Países del Caribe firman acuerdo para implementar alternativas de energía renovable
CARICOM energy officials seek to advance moves towards renewable energy
GEORGETOWN, Guyana — A four-year, euro 5.02 million project to assist Caribbean Community (CARICOM) member states to move towards renewable energy technologies has been the focus of discussion at CARICOM Secretariat Headquarters in Guyana.
Representatives of member states and other key stakeholders in the Community’s energy sector are charting the way forward for a renewable energy (RE) and energy efficiency (EE) project funded by the German Government through its Deutsche Gesellschaft für Internationale Zusammenarbeit (German Society for International Cooperation) (GIZ).
The CARICOM-German government renewable energy and energy efficiency technical assistance (REETA) Project will explore the use of solar energy, wind power, bio-energy, and hydropower for energy cost savings in many areas including for businesses and households.
The REETA project will also seek to build capacity in the private sector for implementing renewable energy and energy saving measures, and will also support the CARICOM energy programme and regional organizations involved in sustainable energy development.
Marina Meuss, the GIZ resident director for the Caribbean, pointed out that the REETA project was the outcome of long-term cooperation in energy in the region.
The project will be administered from the CARICOM Secretariat and all member states will have an opportunity to identify areas to be supported through the project. Many CARICOM countries have commenced various sustainable energy efforts and the REETA project will build on these, as well as build on the achievements of the Caribbean renewable energy development programme (CREDP), which was implemented in two phases during the period 2003 to 2013.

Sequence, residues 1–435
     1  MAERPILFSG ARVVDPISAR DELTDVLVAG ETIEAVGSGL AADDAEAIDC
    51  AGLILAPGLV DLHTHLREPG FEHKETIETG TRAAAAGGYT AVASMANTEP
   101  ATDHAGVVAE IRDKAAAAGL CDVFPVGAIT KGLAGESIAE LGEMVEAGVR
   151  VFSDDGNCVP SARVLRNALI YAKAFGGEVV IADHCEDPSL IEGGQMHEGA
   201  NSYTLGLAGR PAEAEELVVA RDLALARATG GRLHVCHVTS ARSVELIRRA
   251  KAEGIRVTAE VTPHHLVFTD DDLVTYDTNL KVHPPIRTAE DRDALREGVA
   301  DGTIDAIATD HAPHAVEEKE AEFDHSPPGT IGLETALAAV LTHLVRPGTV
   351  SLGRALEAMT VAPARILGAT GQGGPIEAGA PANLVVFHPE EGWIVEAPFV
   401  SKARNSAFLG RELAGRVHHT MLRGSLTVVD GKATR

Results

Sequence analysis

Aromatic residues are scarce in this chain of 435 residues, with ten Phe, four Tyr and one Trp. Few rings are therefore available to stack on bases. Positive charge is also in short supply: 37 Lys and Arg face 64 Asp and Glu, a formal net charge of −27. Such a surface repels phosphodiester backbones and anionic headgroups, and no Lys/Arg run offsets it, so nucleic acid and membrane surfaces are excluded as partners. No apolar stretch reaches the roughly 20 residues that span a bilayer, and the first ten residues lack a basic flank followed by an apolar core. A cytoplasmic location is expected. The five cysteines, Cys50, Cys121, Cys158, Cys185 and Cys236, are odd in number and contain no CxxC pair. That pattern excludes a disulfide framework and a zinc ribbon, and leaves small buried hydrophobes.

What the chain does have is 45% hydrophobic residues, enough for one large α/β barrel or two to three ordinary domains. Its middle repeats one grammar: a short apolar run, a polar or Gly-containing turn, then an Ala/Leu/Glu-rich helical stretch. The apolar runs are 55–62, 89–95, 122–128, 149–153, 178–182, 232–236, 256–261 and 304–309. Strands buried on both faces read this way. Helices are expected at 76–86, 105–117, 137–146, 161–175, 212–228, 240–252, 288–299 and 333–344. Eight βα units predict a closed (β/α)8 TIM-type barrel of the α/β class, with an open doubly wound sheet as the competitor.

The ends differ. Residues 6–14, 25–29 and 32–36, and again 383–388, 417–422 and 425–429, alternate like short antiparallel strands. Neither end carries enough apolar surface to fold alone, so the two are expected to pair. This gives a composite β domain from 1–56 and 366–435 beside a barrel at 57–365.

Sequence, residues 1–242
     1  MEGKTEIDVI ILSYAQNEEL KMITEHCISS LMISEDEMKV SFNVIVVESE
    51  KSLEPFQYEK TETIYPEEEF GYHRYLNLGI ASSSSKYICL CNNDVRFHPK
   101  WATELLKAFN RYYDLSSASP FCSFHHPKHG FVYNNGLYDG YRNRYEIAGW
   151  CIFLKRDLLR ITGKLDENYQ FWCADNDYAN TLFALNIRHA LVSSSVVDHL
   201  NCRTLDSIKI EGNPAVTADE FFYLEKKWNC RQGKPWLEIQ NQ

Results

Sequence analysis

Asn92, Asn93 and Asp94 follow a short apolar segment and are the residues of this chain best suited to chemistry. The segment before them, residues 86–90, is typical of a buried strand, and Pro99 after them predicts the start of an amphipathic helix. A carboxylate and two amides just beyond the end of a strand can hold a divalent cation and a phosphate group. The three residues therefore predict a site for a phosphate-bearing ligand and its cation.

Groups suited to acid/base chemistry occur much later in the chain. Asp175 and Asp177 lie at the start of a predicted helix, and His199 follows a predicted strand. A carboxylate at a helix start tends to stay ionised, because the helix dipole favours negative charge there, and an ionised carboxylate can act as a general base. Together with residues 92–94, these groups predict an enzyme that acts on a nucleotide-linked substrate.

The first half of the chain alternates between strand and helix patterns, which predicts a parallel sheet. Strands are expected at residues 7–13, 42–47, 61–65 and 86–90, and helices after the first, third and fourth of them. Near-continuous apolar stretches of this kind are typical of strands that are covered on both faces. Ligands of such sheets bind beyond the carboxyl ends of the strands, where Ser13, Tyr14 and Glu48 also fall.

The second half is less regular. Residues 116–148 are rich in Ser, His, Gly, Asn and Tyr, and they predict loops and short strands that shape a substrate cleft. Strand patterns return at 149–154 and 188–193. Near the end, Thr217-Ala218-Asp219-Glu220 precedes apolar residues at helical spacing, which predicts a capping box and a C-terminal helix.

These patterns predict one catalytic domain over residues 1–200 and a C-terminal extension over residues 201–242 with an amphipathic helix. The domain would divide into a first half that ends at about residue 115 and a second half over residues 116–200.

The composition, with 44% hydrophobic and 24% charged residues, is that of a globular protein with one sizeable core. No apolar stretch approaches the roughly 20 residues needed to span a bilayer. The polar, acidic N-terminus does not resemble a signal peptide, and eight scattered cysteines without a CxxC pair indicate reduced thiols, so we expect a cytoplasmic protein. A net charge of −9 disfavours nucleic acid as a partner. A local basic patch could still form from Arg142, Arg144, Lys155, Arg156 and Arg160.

In brief remarks on behalf of CARICOM Secretary-General Irwin LaRocque, David Hales, director, external trade, at the CARICOM Secretariat said that the CREDP was a watershed energy initiative which has produced a significant positive impact in the region.
Together, the CREDP and REETA projects amount to €15.7M, making the government of Germany the single largest contributing partner to CARICOM’s sustainable energy development. Hales expressed appreciation to the government and people of Germany for their support to the Community’s efforts to transform its energy sector.